If the measures you are using are outdated, get them right. Sit down and develop an leadership consensus as to what really constitutes peak performance, and then examine or develop ways to count, rank and measure outcomes that best reflect those priorities. Decide how much weight to give each factor and move on with the new system.

Distinguish Between Improvement and Performance To Acknowledged Standards

Many sports teams have awards for "most improvement" and so forth. Don't limit your ability to recognize special efforts or talents, but don't confuse those abilities with core ratings and standards. You don't have to demotivate someone who works hard by telling them the truth through ratings. The costs, in the end, of being untruthful are highest.

Keep Managers in Communication for Consistency of Approach

The natural drift in any system will be often toward inflation, unless managers help each other remain objective. Managers should not review each other's individual ratings, but can check to see how they are assigning ratings proportionally across the organization. If 80% of employees are rated as "outstanding," then the word "outstanding" has ceased to mean anything - and management has lost its ability to measure, reward and shape performance. Having peers to with whom to compare notes helps managers gain objectivity and resist inflation pressures. Moreover, no manager will unduly be in the position to stand out among the others due to rating inflation or major differences in the approach to yearly employee evaluations (while some teams can shine more brightly than others, sometimes apparent differences among teams may not necessarily stem from differences in performance across team members).

Watch Rating Category Ratios, But Donít Live By Quotas

As managers compare notes, they can watch to see how well they are reserving top ratings for the real performance stars, how well they are defining excellence as real excellence and not middle-of-the pack mediocrity, and so on. A management team should have a general idea of the proportions one might expect over time in any group, but should not create quota systems.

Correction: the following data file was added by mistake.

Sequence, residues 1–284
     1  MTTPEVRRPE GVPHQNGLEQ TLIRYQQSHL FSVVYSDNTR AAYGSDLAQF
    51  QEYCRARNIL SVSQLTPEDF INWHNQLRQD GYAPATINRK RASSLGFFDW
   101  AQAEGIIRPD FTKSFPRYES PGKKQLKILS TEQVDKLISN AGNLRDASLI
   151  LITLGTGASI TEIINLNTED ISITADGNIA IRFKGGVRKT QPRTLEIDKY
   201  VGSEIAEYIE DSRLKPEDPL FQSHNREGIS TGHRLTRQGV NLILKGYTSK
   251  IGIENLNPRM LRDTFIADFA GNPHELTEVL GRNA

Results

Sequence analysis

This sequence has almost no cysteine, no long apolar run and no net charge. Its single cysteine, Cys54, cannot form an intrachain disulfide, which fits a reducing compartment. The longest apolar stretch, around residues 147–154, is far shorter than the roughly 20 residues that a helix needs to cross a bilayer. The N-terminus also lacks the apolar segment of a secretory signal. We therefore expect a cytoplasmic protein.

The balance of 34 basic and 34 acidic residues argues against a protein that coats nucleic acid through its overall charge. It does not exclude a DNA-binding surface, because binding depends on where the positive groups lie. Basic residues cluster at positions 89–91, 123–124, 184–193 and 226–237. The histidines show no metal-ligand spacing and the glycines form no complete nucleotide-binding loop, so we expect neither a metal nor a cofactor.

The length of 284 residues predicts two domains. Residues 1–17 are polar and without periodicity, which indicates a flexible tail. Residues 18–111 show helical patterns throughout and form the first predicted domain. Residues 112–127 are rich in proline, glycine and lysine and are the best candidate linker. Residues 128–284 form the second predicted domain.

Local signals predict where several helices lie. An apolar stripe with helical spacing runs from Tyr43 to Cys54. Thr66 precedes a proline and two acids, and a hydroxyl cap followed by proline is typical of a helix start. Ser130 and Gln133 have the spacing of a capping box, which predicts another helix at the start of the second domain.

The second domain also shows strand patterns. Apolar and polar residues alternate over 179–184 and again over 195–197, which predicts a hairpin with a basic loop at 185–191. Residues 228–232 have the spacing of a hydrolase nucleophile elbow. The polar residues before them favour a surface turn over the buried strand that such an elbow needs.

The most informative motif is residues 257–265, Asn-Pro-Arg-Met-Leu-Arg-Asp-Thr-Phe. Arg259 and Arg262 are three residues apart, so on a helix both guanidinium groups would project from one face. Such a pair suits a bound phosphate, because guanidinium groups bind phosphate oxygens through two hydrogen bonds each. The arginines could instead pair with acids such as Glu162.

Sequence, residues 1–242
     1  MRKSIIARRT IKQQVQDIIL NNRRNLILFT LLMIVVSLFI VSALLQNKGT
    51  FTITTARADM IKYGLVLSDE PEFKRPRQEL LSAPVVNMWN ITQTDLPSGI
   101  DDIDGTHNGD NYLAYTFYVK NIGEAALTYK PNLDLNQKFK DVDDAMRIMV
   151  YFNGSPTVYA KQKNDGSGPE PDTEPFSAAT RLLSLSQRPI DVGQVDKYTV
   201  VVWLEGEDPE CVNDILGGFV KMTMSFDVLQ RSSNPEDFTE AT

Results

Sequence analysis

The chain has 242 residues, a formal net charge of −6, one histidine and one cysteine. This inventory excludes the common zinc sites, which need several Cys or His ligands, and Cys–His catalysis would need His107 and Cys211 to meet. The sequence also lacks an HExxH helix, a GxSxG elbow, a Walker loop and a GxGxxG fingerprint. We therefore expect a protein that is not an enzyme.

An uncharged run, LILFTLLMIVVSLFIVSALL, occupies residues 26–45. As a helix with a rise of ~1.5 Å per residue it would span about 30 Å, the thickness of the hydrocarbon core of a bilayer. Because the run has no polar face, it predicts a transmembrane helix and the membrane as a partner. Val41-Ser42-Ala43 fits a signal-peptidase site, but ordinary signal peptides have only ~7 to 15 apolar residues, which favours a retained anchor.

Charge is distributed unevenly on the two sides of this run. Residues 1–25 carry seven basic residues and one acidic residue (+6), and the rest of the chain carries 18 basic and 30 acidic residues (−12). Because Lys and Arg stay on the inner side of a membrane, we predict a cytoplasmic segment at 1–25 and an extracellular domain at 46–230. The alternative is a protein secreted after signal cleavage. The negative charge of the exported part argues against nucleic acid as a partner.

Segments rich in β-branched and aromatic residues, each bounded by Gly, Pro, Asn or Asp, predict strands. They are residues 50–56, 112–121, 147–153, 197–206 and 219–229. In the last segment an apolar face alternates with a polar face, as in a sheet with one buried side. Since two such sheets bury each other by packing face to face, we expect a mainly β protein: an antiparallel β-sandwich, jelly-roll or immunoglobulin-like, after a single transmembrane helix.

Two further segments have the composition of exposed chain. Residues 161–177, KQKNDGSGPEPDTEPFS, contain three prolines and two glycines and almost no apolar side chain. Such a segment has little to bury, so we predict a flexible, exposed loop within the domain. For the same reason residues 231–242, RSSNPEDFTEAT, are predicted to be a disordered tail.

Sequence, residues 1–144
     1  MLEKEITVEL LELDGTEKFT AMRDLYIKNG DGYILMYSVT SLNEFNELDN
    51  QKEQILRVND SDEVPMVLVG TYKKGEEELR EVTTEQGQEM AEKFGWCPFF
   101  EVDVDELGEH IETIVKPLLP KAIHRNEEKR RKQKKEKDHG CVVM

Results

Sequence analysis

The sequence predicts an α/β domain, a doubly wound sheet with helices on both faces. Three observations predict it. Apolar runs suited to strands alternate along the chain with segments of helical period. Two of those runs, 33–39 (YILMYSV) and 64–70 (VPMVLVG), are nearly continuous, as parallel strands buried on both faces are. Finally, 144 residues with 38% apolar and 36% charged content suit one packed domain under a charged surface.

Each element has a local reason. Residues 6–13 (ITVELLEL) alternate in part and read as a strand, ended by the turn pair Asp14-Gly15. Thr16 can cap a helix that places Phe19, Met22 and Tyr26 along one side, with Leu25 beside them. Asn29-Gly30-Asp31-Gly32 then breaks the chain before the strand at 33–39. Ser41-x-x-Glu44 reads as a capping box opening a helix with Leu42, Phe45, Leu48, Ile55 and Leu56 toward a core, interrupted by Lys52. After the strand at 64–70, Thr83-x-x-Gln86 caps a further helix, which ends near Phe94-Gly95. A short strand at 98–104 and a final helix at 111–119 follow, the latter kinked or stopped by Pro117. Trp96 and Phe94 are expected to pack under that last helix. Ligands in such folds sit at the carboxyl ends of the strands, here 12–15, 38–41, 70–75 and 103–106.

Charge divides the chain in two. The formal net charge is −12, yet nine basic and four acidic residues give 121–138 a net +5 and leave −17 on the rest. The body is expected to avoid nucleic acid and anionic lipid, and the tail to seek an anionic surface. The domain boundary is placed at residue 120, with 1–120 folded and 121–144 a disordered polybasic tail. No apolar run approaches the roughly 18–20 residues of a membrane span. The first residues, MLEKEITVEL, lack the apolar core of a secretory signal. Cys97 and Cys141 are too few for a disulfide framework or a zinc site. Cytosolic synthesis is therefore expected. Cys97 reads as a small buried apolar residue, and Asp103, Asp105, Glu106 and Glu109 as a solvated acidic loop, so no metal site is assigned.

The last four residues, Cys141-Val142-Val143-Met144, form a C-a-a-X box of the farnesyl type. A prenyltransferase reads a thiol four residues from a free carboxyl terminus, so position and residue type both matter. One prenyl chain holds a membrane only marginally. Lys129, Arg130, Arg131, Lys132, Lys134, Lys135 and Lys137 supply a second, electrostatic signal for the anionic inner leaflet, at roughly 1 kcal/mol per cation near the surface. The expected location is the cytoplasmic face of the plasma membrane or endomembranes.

Provide Support and Training For Managers On Coaching, Shaping Performance and Providing Timely Performance Feedback

Organizations should provide managers with training and support in shaping behavior through praise and positive verbal feedback, as well as in the verbal skills needed to sensitively but effectively correct errors in performance. Managers should feel able to do these things on a daily basis - mostly by shaping behavior through positive reinforcement and an emphasis on developing each individual's best talents- without ignoring areas for correction. This way, yearly evaluations will function only to reflect a true picture - a snapshot - of an employee's performance during the rating period.


Part Three: Three Reasons Why the Problem Must Be Fixed:

You Can Only Motivate Others to Top Performance by Clearly Showing What It Looks Like

There was a time when people said the four minute mile barrier could not be broken - and then it was. The four minute mile became the new standard for excellence. But until excellence is demonstrated, no one will stretch themselves to do what may have previously been thought impossible. By lumping your top few stars in with ratings that accommodate the lesser performances of others, not only do you give them no incentive to reach the top and grow more, but you give others no incentive to grow by copying them. You suppress the performance of your whole organization and limit the growth of your people.

Ratings That Are Not Truthful Are De-Motivating In The End

Once the ratings system becomes a game rife with shades of untruth and with meaningless categories - and employees know instantly when this is the case - cynicism takes over, and people work to game the system rather than stretch their own growth or maximize the interests of the organization. When words become meaningless, management loses credibility and this spills over into all organizational communications and issues. After all, people will give just 60% of their energy and talent because it is their job description to work to a minimal standard. The other 40% is purely discretionary, and they give it in large part based on whether they trust their leaders in the organization.

Management Must Retain The Ability To Shape and Reward Performance

Once management loses the ability to define, measure and reward levels of performance, the organization begins taking the short road to ineffectiveness and demise. The organization will fail. Moreover, top talent will not be attracted to a place where performance is not truly valued, and the best people will leave for greener pastures.

Donít let your annual employee evaluations process get away from you! If you find that your organization is plagued by inflated ratings, apply these principles to take back control of your productivity and growth.

© Copyright (c) 2002 A. J. Schuler, Psy. D.

Other Articles by Dr. A. J. Schuler